Children in particular will find mediation challenging. I meditate with my six-year-old, for fewer than 10-minutes, and with the knowledge that mediation for her is primarily quiet time, and fostering of an interest in mindfulness (Meditation with my three-year-old is presently limited to my meditating to prevent her driving me insane – serenity now, hopefully not insanity later.)
In my humble opinion, meditation is the single most beneficial life skill we can teach our children. Although challenging, it is simple; the benefits are incredibly far-reaching; and it is truly egalitarian, one of the few completely barrier-free resources in the world, the only requirements being:
Give it a try.
Good luck to you and your children in school and all your pursuits.
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MacLean KA, Ferrer E, Aichele SR, et al. Intensive meditation training improves perceptual discrimination and sustained attention. Psychol Sci. 2010; 21(6):829-39.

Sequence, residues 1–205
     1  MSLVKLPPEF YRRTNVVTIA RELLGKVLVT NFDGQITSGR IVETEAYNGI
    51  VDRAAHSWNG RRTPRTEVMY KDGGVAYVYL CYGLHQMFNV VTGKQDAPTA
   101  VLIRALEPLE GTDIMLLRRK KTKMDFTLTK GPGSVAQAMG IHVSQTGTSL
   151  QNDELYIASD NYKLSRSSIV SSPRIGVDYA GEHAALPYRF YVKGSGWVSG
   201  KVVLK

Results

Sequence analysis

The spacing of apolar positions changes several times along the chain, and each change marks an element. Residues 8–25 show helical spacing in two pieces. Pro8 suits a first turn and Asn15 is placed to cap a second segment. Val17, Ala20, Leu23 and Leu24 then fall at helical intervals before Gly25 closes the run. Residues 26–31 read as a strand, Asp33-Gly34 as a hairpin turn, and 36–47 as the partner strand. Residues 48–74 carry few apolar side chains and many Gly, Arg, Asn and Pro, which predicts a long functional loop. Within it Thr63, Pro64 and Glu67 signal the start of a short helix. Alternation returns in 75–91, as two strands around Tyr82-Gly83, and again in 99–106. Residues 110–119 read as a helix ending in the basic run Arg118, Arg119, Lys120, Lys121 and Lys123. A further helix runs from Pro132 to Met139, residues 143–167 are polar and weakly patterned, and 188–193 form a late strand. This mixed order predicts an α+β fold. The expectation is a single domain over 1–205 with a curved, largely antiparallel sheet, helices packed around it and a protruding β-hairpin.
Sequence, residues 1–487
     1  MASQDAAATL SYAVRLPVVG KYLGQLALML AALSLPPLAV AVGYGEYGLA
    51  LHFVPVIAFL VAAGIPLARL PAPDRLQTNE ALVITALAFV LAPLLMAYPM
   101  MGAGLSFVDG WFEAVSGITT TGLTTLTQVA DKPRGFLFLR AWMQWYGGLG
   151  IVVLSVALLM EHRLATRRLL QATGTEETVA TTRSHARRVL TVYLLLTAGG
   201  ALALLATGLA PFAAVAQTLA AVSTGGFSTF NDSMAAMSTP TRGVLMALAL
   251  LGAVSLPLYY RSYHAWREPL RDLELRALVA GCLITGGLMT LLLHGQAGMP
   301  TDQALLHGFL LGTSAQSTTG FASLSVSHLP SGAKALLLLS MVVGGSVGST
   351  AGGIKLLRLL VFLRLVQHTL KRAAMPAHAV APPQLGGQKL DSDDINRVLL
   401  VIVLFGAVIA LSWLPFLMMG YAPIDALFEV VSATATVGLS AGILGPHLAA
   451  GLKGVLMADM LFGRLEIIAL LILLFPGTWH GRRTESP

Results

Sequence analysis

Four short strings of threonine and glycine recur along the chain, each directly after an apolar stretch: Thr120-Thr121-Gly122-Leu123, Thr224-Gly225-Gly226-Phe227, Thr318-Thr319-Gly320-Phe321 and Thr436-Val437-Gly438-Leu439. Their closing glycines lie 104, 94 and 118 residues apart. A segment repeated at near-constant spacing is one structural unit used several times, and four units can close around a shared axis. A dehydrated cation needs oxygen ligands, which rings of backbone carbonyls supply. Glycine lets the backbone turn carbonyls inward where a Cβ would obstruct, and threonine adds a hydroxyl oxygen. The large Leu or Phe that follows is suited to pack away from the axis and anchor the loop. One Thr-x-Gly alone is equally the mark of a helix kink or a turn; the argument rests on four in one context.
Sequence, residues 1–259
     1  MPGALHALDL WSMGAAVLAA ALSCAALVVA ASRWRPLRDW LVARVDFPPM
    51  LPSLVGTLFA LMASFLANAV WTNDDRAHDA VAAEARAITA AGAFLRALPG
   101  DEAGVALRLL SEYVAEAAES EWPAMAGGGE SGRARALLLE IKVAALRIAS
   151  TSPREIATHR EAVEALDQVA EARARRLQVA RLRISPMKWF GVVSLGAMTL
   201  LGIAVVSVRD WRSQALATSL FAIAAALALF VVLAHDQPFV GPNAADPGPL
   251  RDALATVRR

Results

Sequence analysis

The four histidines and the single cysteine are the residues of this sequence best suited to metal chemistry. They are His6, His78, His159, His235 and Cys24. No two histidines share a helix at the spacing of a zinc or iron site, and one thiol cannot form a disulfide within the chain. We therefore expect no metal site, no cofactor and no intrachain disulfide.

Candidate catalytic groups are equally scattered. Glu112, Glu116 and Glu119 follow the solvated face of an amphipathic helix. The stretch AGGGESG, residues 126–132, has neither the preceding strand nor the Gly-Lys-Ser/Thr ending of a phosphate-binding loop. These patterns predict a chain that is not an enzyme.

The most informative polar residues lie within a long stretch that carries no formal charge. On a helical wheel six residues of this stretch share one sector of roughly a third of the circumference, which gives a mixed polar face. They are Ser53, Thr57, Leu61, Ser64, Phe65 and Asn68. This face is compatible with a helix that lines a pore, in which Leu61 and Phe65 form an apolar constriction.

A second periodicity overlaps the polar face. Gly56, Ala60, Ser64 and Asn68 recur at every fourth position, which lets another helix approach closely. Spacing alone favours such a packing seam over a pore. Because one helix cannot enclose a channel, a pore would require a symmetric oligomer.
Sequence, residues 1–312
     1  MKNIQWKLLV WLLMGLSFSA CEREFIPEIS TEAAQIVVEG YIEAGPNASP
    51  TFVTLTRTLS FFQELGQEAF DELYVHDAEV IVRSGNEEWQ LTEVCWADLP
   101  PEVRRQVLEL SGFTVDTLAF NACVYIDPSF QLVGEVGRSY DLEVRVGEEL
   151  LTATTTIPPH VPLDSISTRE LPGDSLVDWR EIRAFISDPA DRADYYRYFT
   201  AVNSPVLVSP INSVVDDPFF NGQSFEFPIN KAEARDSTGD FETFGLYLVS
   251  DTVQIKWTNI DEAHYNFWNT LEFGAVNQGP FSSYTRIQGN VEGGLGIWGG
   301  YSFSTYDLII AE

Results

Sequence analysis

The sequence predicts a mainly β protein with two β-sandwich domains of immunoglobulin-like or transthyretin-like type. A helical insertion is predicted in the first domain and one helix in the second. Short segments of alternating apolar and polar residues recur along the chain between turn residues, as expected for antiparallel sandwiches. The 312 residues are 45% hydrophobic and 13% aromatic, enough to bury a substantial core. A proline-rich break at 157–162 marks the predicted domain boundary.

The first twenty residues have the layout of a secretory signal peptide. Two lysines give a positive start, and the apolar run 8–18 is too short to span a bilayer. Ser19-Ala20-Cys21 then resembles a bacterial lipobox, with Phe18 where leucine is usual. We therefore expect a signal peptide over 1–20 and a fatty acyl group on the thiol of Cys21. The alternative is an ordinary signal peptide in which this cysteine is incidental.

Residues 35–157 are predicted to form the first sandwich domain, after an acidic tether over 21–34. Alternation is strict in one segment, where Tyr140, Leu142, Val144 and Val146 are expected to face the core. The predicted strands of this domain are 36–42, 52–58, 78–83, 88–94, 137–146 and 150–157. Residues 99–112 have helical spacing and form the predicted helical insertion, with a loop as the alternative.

Schoenberg, Poppy L.A. et al. Effects of mindfulness-based cognitive therapy on neurophysiological correlates of performance monitoring in adult attention-deficit/hyperactivity disorder. Clinical Neurophysiology. 125(7):1407-16.
Yoo YG, Lee DJ, Lee IS, Shin N, Park JY, Yoon MR, Yu B. The effects of mind subtraction meditation on depression, social anxiety, aggression, and salivary cortisol levels of elementary school children in South Korea. J Pediatr Nurs. 2016 Jan 11. pii: S0882-5963(15)00372-3. doi: 10.1016/j.pedn.2015.12.001. [Epub ahead of print]
Lazar SW, Kerr CE, Wasserman RH, et al. Meditation experience is associated with increased cortical thickness. Neuroreport. 2005;16(17):1893-97.
Marlatt GA, Kristeller JL. Mindfulness and meditation. In: Miller WR, editor. Integrating spirituality into treatment: resources for practitioners. Washington, DC: American Psychological Association; 1999. p. 67-84.
Posted: 2016 July 28